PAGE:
Here on the South Shore of Nova Scotia it is easy to dream dreams and support fantasies, so treat what follows with caution. Also I am entirely without the benefit of talking to anyone at either Wiley or Atypon for several weeks, so my thinking about the purchase of the latter by the former is not supported by any external knowledge or expertise. Yet I have M had a stream of requests wondering whether I know what it means, so walking the shoreline has given me plenty of opportunity to think about it. And whenever I do, I find myself thinking both about the business of consolidation and about the pressing needs of academic and industrial researchers in a data-driven society.

Let’s start with the first and get thoroughly lost en route to the second. Just suppose that the subtle strategists at Wiley have at length decided that buying more journals is no longer a growth strategy. Wiley can grow revenues in education through acquisition, as it has demonstrated. But in the scholarly research market? This is Wiley’s cash cow, and what they want to grow here is margins – or at least drive margins back to where they once were in the glory days of the 1990s when 45% ebitda expectations were the norm. So what if the Wiley choice was recreate InterScience as an updated rival to SpringerLink or ScienceDirect, the rival Springer and Elsevier platforms, or buy Atypon, move their data to that platform and consolidate there at less expense, and with the ability to earn a margin on all the other independent players already on that platform. Just as Wiley bought a whole swathe of institutional publishing rights when it bought Blackwell a generation ago, here it would be buying distribution rights, including a whole tranche of outfits beginning American and ending in Society with a whole lot of words in between that I have difficulty spelling. Add a few more major Atypon players like Sage (coming soon) or McGraw or Emerald or Taylor and Francis and I begin to envisage a conversation that begins “join our super Big Deal off the Atypon platform and we will rival Springer as a power bloc within the librarian’s budget”!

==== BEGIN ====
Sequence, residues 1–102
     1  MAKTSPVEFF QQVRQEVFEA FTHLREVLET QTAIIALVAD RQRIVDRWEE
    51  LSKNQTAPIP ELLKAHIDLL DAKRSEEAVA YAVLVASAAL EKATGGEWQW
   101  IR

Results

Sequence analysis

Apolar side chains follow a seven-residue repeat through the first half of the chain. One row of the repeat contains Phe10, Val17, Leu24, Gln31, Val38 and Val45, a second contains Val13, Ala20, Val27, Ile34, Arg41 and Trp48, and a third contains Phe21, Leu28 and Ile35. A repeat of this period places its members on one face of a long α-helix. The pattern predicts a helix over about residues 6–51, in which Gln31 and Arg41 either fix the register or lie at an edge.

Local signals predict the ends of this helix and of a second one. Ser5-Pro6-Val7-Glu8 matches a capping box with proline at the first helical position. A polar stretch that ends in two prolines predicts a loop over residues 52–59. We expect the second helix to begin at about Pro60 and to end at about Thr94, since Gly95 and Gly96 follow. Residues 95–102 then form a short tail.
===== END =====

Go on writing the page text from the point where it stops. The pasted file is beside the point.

All of this made me recall the early days of ScienceDirect, when Elsevier offered to host the entire marketplace in the interests of scholarship, and were deeply miffed when the rest of the market thought it was more in the interests of Elsevier and politely declined. But surely the age of the Super Hosts is over? Does no one else remember Dialog and what happened to it? Surely the Grand Strategy cannot just be this? While the margins on hosting would be a useful support to net revenues derived from elsewhere in the Wiley STM business, this seems an elaborate way to put another $30 million on the bottom line. So time to think again?

Maybe they bought it for the technology? Atypon is probably best in class, but Wiley have a strong Tech skill set, and already produce very serious Toolsets for researchers. Wiley Spectra Labs would be a prime example. There is nothing Atypon do that Wiley could not do if they devoted the time and investment to it, so this does not seem a fruitful line of enquiry. Another walk – try again!